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A lesson on harm reduction…


A couple weeks ago a mutual friend connected me with Jim, a father who lost his only child to an opioid overdose at 19 years old. Shortly after Zach passed away, Jim went to a conference and heard about the concept of harm reduction for drugs for the first time. He asked me through tears, “Why has no one ever told me about this?”

Harm reduction focuses on just that – reducing harm around drug use and addiction.

Jim took the opposite approach with Zach, even joining a support group for parents who were committed to making life harder for their addicted children until they were completely abstinent from drugs.

Now Jim has a different perspective. He wishes he could go back and focus on keeping Zach alive. Death permanently closes the door to a thriving life. Jim wishes he could celebrate each small step Zach took towards a healthier life rather than blaming him for not reaching the high bar of permanent abstinence overnight.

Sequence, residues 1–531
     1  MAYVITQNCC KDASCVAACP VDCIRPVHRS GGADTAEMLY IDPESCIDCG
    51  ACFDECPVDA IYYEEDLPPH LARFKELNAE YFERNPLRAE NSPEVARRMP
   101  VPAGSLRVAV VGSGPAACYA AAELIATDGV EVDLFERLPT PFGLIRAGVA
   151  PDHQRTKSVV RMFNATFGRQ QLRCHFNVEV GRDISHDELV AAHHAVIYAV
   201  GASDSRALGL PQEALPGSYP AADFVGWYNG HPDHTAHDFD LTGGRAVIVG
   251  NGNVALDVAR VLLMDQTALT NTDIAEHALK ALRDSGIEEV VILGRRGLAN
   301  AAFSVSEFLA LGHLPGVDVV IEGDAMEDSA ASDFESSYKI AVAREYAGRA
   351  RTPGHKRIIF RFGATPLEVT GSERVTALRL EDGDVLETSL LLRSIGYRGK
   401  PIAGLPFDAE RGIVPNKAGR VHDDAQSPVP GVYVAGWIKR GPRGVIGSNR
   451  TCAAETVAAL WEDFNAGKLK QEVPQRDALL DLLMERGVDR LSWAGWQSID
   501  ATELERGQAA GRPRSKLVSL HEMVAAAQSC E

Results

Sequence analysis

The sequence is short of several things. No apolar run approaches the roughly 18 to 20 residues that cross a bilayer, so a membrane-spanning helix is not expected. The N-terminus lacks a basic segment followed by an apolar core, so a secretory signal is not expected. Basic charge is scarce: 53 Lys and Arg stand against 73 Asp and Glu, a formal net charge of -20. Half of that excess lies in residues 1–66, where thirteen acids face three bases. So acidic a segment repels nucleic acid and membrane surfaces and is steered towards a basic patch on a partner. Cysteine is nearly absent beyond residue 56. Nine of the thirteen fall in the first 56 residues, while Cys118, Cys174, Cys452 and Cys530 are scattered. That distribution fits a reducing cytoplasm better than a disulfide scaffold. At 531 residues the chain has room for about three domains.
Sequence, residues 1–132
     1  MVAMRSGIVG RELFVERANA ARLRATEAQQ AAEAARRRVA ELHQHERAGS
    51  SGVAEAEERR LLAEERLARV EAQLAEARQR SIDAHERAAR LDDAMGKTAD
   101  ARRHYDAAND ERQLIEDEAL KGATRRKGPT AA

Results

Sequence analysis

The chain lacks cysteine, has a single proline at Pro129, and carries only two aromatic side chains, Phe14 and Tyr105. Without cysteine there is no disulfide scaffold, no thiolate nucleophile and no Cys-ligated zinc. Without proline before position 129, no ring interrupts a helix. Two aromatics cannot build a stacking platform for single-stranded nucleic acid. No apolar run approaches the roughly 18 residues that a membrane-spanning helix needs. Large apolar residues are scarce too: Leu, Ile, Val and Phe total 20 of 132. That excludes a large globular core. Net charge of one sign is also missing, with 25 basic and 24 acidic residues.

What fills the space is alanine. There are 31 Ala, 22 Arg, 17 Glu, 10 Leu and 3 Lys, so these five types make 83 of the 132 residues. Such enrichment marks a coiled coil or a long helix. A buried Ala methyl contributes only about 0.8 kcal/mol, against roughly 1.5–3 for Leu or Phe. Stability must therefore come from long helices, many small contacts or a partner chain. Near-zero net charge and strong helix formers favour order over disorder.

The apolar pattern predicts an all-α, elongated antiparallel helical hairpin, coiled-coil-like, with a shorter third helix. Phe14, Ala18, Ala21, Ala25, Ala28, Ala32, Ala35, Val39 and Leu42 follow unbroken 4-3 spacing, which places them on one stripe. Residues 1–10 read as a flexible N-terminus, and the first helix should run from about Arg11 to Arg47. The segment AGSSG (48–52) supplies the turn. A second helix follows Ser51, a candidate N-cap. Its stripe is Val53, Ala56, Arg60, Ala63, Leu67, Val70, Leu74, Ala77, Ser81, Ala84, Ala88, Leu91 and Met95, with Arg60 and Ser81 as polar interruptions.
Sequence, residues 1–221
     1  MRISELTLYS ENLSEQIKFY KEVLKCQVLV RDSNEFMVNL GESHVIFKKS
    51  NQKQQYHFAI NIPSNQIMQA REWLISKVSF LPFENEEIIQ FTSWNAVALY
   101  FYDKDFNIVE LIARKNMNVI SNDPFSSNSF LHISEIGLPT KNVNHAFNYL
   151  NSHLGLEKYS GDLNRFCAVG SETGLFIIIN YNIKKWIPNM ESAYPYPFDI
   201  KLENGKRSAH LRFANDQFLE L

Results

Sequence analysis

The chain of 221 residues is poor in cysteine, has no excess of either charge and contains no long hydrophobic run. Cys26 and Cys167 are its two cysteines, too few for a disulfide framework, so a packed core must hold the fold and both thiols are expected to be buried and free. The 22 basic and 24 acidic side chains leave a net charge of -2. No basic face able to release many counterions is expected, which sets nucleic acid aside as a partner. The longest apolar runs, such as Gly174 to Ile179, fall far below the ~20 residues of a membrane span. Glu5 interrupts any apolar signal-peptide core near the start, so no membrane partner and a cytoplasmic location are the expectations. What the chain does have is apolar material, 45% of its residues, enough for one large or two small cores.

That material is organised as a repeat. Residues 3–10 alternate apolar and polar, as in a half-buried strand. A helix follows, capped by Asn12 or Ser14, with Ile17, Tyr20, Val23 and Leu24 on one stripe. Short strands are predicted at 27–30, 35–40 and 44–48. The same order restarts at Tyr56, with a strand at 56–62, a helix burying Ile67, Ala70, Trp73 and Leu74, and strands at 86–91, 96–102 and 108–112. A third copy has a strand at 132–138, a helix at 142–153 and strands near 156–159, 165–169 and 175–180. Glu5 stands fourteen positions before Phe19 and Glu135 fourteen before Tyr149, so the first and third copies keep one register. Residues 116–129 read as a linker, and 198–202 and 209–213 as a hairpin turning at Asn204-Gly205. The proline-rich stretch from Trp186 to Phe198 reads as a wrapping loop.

Harm reduction isn’t new. We already use the concept for other risky behaviors like driving (seat belts), tobacco use (voluntary cessation aids), swimming (lifeguards), etc.

Harm reduction acknowledges that some behaviors are inherently risky, and it focuses on saving lives and preventing harm to people engaging in them. Whether or not wewant people addicted to drugs, it’s a fact that millions of people are. Whether or not wewant them to be abstinent overnight, it’s a fact that most people can’t make that leap. But we may be able to keep them alive long enough to get there one day – one small step at a time.

Jim heard about harm reduction for drug use after it was too late for Zach. But it’s not too late for millions of people still struggling today.

Join us for an End It For Good event in 2022, where we explore the concept of harm reduction alongside other solutions to the addiction crisis.

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